In today’s fast-paced world, time is a precious commodity. While machines perform tasks at remarkable speeds, the human workforce often encounters periods of non-machine idle time, hindering overall productivity. Enter digital machine intelligence, a solution poised to transform the way we capture and analyze production performance to alleviate this issue and propelling the payment card issuance and personalization industry into a new era of efficiency and innovation.

What Is Idle Time?

In manufacturing, the widely accepted definition is that idle time is the duration of time we wait while a machine or person, though fully functional, is not productive.

Idle time = scheduled production time – actual productive time.

The key here is the machine is fully functional (no errors, no broken parts, no system down, no communication issues, etc.), but it is not producing output for one reason or another.

Why Is It Important?

The most recent data I have gathered as a business analytics consultant in the card issuance and personalization space suggests that the average availability time for a company without any analytics solution or continuous improvement program ranges from 16% to 38%. This means that anywhere from 62%-84% of the time machines are not running when they could be. Closing that gap is where we see the largest impact when implementing continuous improvement and data-driven productivity gains on the production floor.

What Are Sources of Idle Time?

There are many common sources of idle time shared across all industries, but here we focus on those related to card issuance and personalization centers:

  1. Machine or operator waiting for work or jobs – this issue stems from job planning or an issue with the preceding steps.
  2. Machine or operator not authorized to perform work and waiting on approval – this could be due to quality checks, security checks, supervisor checks, missing job instructions, and so on.
  3. Machine or operator is missing raw materials needed such as consumables and operator materials.
  4. Machine or operator not present – this can happen for a variety of reasons including scheduled or unscheduled break, reassignment to another activity, or absenteeism with no backup resource available.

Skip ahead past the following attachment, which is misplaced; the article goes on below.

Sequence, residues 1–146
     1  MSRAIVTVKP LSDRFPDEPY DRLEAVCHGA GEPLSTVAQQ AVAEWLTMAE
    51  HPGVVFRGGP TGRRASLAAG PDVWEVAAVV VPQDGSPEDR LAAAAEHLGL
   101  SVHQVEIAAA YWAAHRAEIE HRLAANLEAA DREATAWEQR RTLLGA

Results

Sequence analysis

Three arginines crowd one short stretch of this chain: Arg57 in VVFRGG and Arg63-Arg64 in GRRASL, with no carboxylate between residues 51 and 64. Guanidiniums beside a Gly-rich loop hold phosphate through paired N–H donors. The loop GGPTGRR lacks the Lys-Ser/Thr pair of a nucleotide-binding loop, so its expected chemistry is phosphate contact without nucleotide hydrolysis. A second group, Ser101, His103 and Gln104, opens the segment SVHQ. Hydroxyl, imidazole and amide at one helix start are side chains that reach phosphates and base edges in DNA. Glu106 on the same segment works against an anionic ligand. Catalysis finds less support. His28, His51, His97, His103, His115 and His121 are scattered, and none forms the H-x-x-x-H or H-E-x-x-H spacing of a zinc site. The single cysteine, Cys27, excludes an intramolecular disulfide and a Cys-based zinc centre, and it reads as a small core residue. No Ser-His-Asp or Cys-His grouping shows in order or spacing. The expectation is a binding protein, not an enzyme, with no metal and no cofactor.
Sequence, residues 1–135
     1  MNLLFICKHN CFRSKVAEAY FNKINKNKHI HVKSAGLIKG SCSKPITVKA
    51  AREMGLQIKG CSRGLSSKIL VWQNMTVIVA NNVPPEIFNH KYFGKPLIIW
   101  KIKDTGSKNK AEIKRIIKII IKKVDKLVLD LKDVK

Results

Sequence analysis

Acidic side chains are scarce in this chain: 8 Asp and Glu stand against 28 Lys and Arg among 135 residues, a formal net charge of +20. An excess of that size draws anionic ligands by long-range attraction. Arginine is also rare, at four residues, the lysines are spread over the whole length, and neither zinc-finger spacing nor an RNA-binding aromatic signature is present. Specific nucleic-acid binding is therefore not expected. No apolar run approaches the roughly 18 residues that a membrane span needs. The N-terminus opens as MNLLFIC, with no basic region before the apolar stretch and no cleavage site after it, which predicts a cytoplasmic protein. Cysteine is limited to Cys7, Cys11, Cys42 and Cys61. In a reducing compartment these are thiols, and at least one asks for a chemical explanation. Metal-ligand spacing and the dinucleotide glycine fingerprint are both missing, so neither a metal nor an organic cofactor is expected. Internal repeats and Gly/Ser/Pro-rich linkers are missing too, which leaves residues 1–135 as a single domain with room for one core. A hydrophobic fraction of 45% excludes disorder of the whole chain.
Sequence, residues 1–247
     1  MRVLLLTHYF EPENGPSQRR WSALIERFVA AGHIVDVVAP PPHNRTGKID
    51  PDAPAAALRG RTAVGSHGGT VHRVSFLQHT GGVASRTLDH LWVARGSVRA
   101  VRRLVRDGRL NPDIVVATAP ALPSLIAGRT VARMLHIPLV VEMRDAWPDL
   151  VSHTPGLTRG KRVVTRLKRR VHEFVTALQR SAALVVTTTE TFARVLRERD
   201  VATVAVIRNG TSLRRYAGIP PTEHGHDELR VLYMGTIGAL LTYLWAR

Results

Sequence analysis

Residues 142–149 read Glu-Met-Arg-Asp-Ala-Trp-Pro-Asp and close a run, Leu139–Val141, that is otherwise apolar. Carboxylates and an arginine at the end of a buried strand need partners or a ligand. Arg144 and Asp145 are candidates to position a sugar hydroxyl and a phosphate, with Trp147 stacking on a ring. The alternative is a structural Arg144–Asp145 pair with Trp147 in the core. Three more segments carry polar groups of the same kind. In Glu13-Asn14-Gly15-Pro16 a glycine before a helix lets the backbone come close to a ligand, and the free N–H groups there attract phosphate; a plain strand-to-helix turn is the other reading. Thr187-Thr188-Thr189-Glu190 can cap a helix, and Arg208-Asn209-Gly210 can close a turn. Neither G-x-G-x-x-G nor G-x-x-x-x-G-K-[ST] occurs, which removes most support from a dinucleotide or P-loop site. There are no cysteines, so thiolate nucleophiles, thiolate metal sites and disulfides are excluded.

5. Machine or operator is on standby due to personal process limitations such as dual custody is required and only one operator is available, missing card needs to be found, a security incident related to the previous job run occurs and an investigation is underway, or machine calibration checks are needed.
  6. The machine is undergoing setup for a variety of reasons including job loading or material loading, machine is getting cleaned or calibrated, or the workstation is getting set up for the job.
  7. External dependencies are at play including a halt to production ordered by the customer, a quality or maintenance lead who initiates immediate work stoppage, a power or network outage, a supplies shortage, external software delays, an emergency evacuation, or any situation where wait times are instituted.

How to Reduce Idle Time

The first step to resolving any problem is to understand the root cause and magnitude. This is the basis of knowledge-based management or Lean Six Sigma manufacturing: Define, Measure, Analyze, Improve, Control.

  • Define: The definitions have been made clear on what idle time is; now the next step is to measure them.
  • Measure: To gauge machine productivity accurately, track scheduled work time and measure actual operational periods, focusing on the cumulative bursts of output like finished personalized products. If a software-hardware solution is not available, your best bet is manual monitoring with a stopwatch for the entirety of the day, ensuring unbiased and unhindered data collection. However, one caveat is that an on-site observer may not pinpoint process and employee-related issues with the utmost precision.